Autobiography of a Learner
My education, its all become a blur... a twisting mosaic of various images, some good and some bad. For all but a few years of my life, I have been waking up five days a week for school. Of course there are exceptions like sick days, holidays and so on, but for the majority of my life, my weekdays have consisted of getting up and going to school. The repetition, it seems has become completely entwined with my everyday life. Schedules are built around school, time is budgeted to make room for school. "I can't go to the movies, because I have too much homework." How many times have I said this? I notice that after awhile I get so into the routine of going from class to class, that by Friday I often can't tell the difference between Monday and Tuesday. It is just one of the many strange mysteries of education. I have discovered that the more I like the class, the more I will remember it. A class where the teacher blandly recites information from the book becomes a drag. It is a classic example of the Banking Concept of Education. The teacher expects the students to sit there and take in everything. A student asking "why" is an inconvenience, and that is made not paying attention. It's sad, and it happens... far too often.
After awhile you lose interest in actually gaining information. Memorize the information so you can ace the quiz on Thursday, and remember none of what you memorized by Friday. This sort of lifestyle gets old real quick, and it is the sad reality for many students. The situation is entirely different when the teacher actually takes the time to check and see if the students are indeed learning. I have always enjoyed it when a teacher allows the students some room for creativity, as opposed to the "do it this way or else" style of teaching that we know so well. I like to put my personality into what I do, be it formal essay or not. When a teacher hands me a piece of paper that says, in short, "you must do it this way,"well... .the effects are not exactly motivational. Classes where creativity is common place tend to actually stick in my mind. I have plenty of memories for the English class that I enjoyed in 6th grade, but the only memory I have of that class in 7th grade is me sitting at my desk wishing it was lunch. This single memory sums up the entire year, one photographic image representing 250 odd days of class attendance. Me sitting at a desk. I love the freedom of writing, and have always been grateful to teachers that say, "Ok I want you to go nuts with this one." Of course there is some give and take requirements must be fulfilled, and not every assignment can be completely free. This does not mean, however, that every assignment has to be rigidly controlled. A teacher that asks his or her students to challenge the information presented to them, is one that has made the commitment of making sure that students who enter the classroom leave with something new. Perhaps the students will gain new writing skills, or develop a sense of critical and creative thinking. So as long as it isn't just another class that you go into, and come out retaining nothing, glad that it is over.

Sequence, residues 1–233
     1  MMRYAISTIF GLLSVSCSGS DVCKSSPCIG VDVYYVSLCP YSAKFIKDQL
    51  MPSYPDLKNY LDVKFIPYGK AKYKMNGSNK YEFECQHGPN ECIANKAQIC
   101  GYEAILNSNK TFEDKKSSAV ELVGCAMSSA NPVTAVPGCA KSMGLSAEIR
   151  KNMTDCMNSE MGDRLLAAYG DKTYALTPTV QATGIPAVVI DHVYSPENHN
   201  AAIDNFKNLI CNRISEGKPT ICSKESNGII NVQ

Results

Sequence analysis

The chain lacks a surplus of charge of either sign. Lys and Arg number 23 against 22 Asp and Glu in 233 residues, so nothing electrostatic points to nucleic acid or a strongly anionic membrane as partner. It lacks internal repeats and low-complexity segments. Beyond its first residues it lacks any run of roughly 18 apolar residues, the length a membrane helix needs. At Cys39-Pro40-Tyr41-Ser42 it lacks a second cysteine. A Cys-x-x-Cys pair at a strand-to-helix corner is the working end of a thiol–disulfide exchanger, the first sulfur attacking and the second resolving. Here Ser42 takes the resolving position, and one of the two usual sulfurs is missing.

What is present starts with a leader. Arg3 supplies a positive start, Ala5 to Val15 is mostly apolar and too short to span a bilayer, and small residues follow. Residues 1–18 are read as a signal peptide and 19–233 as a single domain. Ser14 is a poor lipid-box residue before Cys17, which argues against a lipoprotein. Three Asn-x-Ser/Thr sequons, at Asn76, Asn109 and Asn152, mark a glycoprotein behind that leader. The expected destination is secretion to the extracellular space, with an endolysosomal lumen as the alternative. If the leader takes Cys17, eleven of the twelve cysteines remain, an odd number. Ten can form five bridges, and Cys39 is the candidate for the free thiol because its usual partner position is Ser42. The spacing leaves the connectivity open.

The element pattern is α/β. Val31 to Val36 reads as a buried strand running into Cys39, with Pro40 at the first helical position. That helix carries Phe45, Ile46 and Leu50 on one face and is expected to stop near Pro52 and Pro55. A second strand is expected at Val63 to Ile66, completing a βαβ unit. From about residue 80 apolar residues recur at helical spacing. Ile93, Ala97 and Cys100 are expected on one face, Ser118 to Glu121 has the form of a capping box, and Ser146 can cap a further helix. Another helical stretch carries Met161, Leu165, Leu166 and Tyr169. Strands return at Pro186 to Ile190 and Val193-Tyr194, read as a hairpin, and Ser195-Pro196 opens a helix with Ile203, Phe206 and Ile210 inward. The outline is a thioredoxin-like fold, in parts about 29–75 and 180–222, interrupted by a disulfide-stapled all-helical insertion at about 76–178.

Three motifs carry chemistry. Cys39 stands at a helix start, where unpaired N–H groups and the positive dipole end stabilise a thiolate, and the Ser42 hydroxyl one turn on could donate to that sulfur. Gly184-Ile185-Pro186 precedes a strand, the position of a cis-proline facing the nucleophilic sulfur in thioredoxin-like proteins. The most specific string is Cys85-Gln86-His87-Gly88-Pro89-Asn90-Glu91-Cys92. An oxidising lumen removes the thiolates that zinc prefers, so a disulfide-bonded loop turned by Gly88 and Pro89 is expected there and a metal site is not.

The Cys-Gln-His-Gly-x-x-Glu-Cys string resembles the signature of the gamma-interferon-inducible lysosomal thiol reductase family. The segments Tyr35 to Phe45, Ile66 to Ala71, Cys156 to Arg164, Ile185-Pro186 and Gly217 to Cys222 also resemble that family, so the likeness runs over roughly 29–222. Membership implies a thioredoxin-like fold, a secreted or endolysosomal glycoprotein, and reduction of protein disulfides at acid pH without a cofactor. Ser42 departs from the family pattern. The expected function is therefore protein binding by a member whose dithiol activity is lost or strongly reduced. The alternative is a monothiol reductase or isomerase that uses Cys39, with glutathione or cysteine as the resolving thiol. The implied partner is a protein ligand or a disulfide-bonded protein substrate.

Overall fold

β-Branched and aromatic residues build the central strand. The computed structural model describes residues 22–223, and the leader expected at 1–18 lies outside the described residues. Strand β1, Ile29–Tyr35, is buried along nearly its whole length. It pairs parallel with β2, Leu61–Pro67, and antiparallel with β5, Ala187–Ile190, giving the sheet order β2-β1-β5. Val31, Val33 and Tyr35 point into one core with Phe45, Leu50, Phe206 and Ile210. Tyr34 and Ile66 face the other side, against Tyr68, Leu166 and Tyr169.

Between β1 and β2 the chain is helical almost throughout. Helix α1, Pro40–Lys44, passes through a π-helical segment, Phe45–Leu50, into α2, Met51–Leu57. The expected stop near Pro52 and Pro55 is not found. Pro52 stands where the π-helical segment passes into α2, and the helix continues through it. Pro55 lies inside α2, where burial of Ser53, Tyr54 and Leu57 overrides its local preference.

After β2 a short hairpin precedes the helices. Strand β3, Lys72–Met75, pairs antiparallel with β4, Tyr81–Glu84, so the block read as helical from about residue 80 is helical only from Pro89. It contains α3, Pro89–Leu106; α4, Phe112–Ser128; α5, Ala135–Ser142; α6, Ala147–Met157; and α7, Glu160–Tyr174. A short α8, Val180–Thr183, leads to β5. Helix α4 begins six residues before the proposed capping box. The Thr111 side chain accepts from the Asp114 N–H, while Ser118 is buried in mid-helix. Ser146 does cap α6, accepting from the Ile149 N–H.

I know that I have been in a good class when I find myself feeling had that I won't have the same teacher next year. My English teacher from freshman year was the same way. His way of teaching had a massive impact on me. I discovered that writing was not the tiresome chore that I had previously made it out to be. When I left that class I regretted the fact that I would not have him again, and by some twist of fate he ended up being the only teacher that I have ever had twice. The papers and stories I wrote in my freshman and sophomore years of high school are what I consider my finest works. Ever since, my writing has been different, I have developed a style that reflects me. It does not matter if it's a free expression, or a more analytical piece. I decided from that day forth, that every piece I write will be my own, and the ideal learning situation would be walking away from every class with that feeling. In the next chapter of my education, I like to picture the ideal environment. College is a whole new thing, and I am free to take courses that interest me. I hope to put myself into a learning environment that is challenged, but not an overload. The perfect situation would be having the same kind of experience that I did in my freshman English class, in all of my academic endeavors. This dream is, of course, not the easiest thing to achieve, but I think that now is the best time to try to get as close to it as possible.
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